Ghost loads may haunt Bob Beisly III

Friday, August 9, 2013
Bob True Beisly III. Submitted photo.

Nevada Daily Mail

On Tuesday, Bob True Beisly III pleaded guilty in the United States District Court in Springfield to his part in a long running scheme to defraud Cargill, Inc., a leading producer and marketer of food and agricultural products, by creating fictitious scale tickets for loads of grain that were paid for but never actually delivered to the company's feed mill at Butterfield, Mo.

According to Tammy Dickinson, the U.S. attorney for the Eastern Division of the Western District, the 39-year-old Beisly III waived his right to a grand jury indictment on July 15 and pleaded guilty to one count alleging wire fraud and one count alleging mail fraud before United States Magistrate Judge David P. Rush on Tuesday.

Federal court documents allege that between 2008 and 2012 Beisly operated trucking companies under the names of "K&B Grain" and "Jack in the Box Grain" which contracted to ship grain to various feed mills throughout the Midwest Region of the U.S. During that time Beisly "entered in contractual agreements with Cargill to deliver feed and grain to the Butterfield" feed mill.

The court documents allege that in March of 2008 Beisly approached the scale operator in Butterfield about "creating fictitious scale tickets for non-delivered loads of corn as a way to make money and ultimately defraud the owner of the feed mill."

The documents further state that beginning in March and continuing until September of 2012 Beisly received such "fictitious and fraudulent scale tickets" for both K&B Grain and Jack in the Box Grain for loads that never existed.

In return for creating the fake documents for the undelivered loads called "ghost loads" Beisly allegedly paid the "feed mill's scale operator $500 in cash for each ticket." Each ghost load generated a fake scale ticket for Beisly, one for the scale operator and one for Cargill's corporate office in Minnesota.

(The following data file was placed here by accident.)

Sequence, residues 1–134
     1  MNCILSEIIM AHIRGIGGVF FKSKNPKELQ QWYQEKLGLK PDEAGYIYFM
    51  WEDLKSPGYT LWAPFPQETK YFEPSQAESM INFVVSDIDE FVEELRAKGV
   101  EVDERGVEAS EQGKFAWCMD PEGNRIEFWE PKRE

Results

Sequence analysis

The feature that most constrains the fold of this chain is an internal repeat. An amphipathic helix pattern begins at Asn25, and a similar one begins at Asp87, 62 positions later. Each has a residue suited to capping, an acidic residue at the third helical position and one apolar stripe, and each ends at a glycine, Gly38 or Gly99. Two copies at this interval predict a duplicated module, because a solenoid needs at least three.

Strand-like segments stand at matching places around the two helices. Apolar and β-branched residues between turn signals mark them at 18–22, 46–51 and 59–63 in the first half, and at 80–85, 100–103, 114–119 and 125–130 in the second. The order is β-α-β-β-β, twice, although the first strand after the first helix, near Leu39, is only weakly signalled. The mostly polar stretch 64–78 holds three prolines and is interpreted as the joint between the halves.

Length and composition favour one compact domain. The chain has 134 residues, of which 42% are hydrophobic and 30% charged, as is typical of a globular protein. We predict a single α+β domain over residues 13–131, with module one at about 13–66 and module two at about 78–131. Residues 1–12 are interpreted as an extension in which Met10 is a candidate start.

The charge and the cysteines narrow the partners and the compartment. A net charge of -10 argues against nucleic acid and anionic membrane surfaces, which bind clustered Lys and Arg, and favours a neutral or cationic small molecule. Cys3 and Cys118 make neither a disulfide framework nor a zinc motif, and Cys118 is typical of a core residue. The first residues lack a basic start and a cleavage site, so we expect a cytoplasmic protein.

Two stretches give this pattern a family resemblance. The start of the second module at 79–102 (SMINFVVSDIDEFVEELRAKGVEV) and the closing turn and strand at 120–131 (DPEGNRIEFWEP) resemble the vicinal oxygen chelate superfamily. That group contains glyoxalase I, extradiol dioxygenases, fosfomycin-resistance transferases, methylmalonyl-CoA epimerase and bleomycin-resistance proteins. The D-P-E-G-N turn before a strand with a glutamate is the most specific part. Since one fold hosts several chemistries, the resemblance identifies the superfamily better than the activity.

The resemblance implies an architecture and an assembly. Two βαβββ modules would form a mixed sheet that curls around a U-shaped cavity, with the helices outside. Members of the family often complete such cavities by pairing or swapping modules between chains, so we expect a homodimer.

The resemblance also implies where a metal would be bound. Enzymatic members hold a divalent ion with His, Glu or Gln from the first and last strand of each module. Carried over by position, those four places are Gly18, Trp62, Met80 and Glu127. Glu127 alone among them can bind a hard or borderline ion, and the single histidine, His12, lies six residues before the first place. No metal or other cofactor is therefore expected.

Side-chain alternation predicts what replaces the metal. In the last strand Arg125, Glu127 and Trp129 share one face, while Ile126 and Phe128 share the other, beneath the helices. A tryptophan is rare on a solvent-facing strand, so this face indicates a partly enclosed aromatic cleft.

Cargill paid some of the invoices by check through the U.S. Postal Service and some of them by interstate electronic transfer of moneys. Court documents allege that during the previously mentioned four years of operation, Cargill paid K&B Grain and Jack in the Box Grain $559,616.22 for "the delivery of 'ghost load' shipments."

Since some of the money was paid by check and some by electronic transfer, Beisly was charged with one count each of mail fraud and wire fraud. According to the plea agreement signed on Tuesday, the electronic payments have been traced to a bank in Nevada, the mailed payments to Beisly's Nevada address.

The plea agreement specifically states that "[b]y entering into this plea agreement, the defendant admits that he knowingly committed these offenses, and is in fact guilty of these offenses." The agreement also states the defendant's plea of guilty on count one can result in a minimum sentence of probation and a maximum sentence of no more than 20 years in a federal prison and a $250,000 fine.

Count two carries the same sentencing guidelines and court documents state there is no possibility of parole for any sentence of imprisonment. How-ever, in addition to imprisonment, the court may "impose a term of supervised release of up to 3 years; that the court must impose a period of supervised release if a sentence of more than one year is imposed." The plea agreement also states that the U.S. may take civil, judicial or administrative forfeiture actions against any of Beisly's assets to satisfy a money judgment of $559,616.22 for restitution.

A sentencing hearing is to be scheduled after a pre-sentence investigation by the U.S. Probation Service. Beisly was transported to the Federal Courthouse in Greene County from the Missouri Department of Corrections facility in Booneville where he was already serving a four-year sentence for probation violations in Vernon County and felony charges in Bates County, stemming from a July 2012 incident near Rich Hill.

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